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Executives to new grads: Shape up!
cnn ^ | February 1, 2012 | Anne Fisher

Posted on 02/04/2012 6:54:53 PM PST by george76

Most senior managers are unimpressed with the entry-level job applicants they're seeing, reports a new survey...

Note to recent college grads and the Class of 2012: You may not be as ready for the working world as you think you are...

a 65% majority of business leaders say young people applying for jobs at their companies right out of college are only "somewhat" prepared for success in business, with 40% of C-suite executives saying they are "not prepared at all." Not only that, but even those who get hired anyway may not rise very far. Almost half (47%) of C-suite executives believe that fewer than one-quarter (21%) of new grads have the skills they'll need to advance past entry-level jobs.

And what skills might those be? The most sought-after are problem-solving (49% ranked it No. 1), collaboration (43%), and critical thinking (36%). Also in demand is the ability to communicate clearly and persuasively in writing (31%).

...

And whose fault is it if most college grads haven't got what it takes to get ahead? The executives surveyed overwhelmingly believe that academia has failed to keep up with the breakneck pace of change in the business world: More than three-quarters (77%) blame educators for new grads' lack of readiness.

(Excerpt) Read more at management.fortune.cnn.com ...


TOPICS: Business/Economy; Culture/Society; News/Current Events
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1 posted on 02/04/2012 6:54:59 PM PST by george76
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To: george76

“C-suite executive”? WTH is that?


2 posted on 02/04/2012 7:03:54 PM PST by Nervous Tick (Trust in God, but row away from the rocks!)
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To: george76
And what skills might those be? The most sought-after are problem-solving (49% ranked it No. 1), collaboration (43%), and critical thinking (36%). Also in demand is the ability to communicate clearly and persuasively in writing (31%).

Weird. I don't see anything there about having the ability to sit at a desk playing with a "smart phone" for 8 hours a day.

3 posted on 02/04/2012 7:04:08 PM PST by FlingWingFlyer (So just where does the "buck stop" at the Department of "Justice"?)
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To: george76

Our college system is not about educating students. It’s a self-serving racket with the only purpose to keep that racket going.


4 posted on 02/04/2012 7:05:22 PM PST by umgud (No Rats, No Rino's)
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To: FlingWingFlyer

I see many people playing with their phones almost all day and doing little else in places I visit and do tech service work for.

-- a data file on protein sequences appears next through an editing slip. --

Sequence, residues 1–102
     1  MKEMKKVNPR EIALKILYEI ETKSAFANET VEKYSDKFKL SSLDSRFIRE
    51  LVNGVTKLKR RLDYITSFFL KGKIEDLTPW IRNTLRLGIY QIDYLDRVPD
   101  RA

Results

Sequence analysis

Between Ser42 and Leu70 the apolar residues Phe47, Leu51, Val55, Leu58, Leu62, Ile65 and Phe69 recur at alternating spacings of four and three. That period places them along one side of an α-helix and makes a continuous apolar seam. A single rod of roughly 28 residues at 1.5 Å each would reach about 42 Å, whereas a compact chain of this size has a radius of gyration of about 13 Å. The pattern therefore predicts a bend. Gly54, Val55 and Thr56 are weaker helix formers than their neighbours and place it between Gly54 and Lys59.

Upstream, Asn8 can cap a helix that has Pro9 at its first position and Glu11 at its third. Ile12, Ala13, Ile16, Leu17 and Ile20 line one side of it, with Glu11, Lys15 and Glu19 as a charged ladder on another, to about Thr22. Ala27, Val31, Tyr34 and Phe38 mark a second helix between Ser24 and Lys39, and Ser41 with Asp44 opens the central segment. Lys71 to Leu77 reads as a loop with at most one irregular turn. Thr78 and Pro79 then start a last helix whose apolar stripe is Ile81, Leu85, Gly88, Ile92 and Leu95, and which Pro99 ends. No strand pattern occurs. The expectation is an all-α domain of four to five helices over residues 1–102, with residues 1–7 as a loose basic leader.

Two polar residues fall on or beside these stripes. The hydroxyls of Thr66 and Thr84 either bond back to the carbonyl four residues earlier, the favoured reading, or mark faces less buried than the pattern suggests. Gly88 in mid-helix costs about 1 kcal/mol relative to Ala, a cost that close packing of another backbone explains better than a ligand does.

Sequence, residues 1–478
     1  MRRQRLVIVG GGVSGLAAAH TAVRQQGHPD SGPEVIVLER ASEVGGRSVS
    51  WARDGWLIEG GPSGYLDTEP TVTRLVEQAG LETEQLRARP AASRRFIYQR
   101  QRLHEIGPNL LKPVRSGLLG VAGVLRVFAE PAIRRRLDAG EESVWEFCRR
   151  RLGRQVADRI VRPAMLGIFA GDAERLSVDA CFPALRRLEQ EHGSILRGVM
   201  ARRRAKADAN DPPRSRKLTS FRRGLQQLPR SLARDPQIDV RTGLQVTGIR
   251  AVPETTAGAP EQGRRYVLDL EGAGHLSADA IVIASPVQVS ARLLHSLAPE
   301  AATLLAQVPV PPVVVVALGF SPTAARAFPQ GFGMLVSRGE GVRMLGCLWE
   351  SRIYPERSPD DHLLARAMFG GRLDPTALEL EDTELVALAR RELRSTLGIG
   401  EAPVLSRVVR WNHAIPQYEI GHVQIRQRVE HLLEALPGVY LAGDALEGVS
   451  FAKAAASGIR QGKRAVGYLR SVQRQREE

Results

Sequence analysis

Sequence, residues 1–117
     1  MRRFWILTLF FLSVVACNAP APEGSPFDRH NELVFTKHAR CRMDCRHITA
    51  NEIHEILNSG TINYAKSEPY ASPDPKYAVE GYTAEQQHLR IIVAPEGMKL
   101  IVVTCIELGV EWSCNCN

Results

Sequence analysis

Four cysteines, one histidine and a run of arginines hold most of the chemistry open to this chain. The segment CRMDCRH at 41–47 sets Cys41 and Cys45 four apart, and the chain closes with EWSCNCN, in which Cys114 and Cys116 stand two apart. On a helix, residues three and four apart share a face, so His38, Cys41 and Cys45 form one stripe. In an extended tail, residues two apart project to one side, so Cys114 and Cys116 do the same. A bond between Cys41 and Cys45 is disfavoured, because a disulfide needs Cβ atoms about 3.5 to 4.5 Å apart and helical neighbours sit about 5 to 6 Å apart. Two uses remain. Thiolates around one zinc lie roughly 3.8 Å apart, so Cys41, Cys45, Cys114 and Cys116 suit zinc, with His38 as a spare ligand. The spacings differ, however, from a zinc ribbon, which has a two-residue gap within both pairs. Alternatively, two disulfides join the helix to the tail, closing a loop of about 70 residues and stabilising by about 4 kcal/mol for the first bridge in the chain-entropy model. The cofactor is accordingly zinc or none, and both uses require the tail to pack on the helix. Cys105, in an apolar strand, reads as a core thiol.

5 posted on 02/04/2012 7:06:14 PM PST by wally_bert (It's sheer elegance in its simplicity! - The Middleman)
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To: wally_bert

Some places it seems like the whole friggin’ populace has their nose in a mobile phone.

What the hell are they doing?


6 posted on 02/04/2012 7:10:46 PM PST by nascarnation (DEFEAT BARAQ 2012 DEPORT BARAQ 2013)
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To: nascarnation

Angry Birds


7 posted on 02/04/2012 7:21:57 PM PST by ClearCase_guy (I am pro-Jesus, anti-abortion, pro-limited government, anti-GOP.)
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To: nascarnation
The word “work” has been replaced by “party”. The companies I ran I hired a lot of folks in their 50’s, they appreciated having a job and understood that effort was required. The #1 indicator of success is their track record(not school, grades or references). I miss Cain, he would have been a great President.
8 posted on 02/04/2012 7:22:19 PM PST by stubernx98 (cranky, but reasonable)
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To: nascarnation
Some places it seems like the whole friggin’ populace has their nose in a mobile phone.

I spent most of today sitting in the waiting area of an emergency room. Yes, I received and sent a few texts to family members with any news about what was going on (and, okay, I checked FR once), but mostly I (tried to) read a hardcover book I brought.

Everyone else there was constantly and unceasingly glued to their mobile devices. With the sound on, watching video, playing games...and these were all adults. One guy took a few seconds to close/finish/end his game after his obviously painstricken lady friend's name was called to go inside. Then he got up and helped her in.
9 posted on 02/04/2012 7:24:50 PM PST by LostInBayport (When there are more people riding in the cart than there are pulling it, the cart stops moving...)
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To: george76

Ha that’s interesting I’m not that impressed with senior managers .


10 posted on 02/04/2012 7:27:41 PM PST by Flavius (What hopes for victory, Gaius Crastinus? What grounds for encouragement ?)
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To: george76
“And whose fault is it if most college grads haven't got what it takes to get ahead? The executives surveyed overwhelmingly believe that academia has failed to keep up with the breakneck pace of change in the business world: More than three-quarters (77%) blame educators for new grads’ lack of readiness.”

Academia have been to busy “radicalizing” the young students.

At almost 60, without even an AS degree, I can out compete the vast majority of graduates spanning about the last 15-20 years for positions like “Field Engineer”.

11 posted on 02/04/2012 7:32:44 PM PST by Puckster
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To: Nervous Tick; All